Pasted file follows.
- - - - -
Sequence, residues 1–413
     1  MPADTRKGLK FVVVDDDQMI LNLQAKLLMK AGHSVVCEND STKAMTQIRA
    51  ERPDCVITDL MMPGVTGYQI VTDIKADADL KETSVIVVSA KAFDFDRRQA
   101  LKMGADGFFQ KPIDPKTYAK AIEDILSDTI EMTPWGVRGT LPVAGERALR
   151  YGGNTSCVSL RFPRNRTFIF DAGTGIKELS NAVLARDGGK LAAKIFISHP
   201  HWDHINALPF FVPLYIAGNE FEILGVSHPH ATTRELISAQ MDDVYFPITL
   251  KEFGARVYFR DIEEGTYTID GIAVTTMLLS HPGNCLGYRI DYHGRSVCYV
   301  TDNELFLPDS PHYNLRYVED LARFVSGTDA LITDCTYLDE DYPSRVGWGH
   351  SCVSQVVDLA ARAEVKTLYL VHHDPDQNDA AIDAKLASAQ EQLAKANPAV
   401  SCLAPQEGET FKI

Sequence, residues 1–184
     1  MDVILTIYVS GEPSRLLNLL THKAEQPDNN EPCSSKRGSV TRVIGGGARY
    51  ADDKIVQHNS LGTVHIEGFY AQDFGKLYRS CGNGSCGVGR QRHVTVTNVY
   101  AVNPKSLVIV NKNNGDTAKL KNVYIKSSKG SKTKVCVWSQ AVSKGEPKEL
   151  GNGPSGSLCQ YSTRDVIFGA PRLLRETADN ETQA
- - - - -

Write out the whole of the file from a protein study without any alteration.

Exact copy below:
Sequence, residues 1–413
     1  MPADTRKGLK FVVVDDDQMI LNLQAKLLMK AGHSVVCEND STKAMTQIRA
    51  ERPDCVITDL MMPGVTGYQI VTDIKADADL KETSVIVVSA KAFDFDRRQA
   101  LKMGADGFFQ KPIDPKTYAK AIEDILSDTI EMTPWGVRGT LPVAGERALR
   151  YGGNTSCVSL RFPRNRTFIF DAGTGIKELS NAVLARDGGK LAAKIFISHP
   201  HWDHINALPF FVPLYIAGNE FEILGVSHPH ATTRELISAQ MDDVYFPITL
   251  KEFGARVYFR DIEEGTYTID GIAVTTMLLS HPGNCLGYRI DYHGRSVCYV
   301  TDNELFLPDS PHYNLRYVED LARFVSGTDA LITDCTYLDE DYPSRVGWGH
   351  SCVSQVVDLA ARAEVKTLYL VHHDPDQNDA AIDAKLASAQ EQLAKANPAV
   401  SCLAPQEGET FKI

Sequence, residues 1–184
     1  MDVILTIYVS GEPSRLLNLL THKAEQPDNN EPCSSKRGSV TRVIGGGARY
    51  ADDKIVQHNS LGTVHIEGFY AQDFGKLYRS CGNGSCGVGR QRHVTVTNVY
   101  AVNPKSLVIV NKNNGDTAKL KNVYIKSSKG SKTKVCVWSQ AVSKGEPKEL
   151  GNGPSGSLCQ YSTRDVIFGA PRLLRETADN ETQA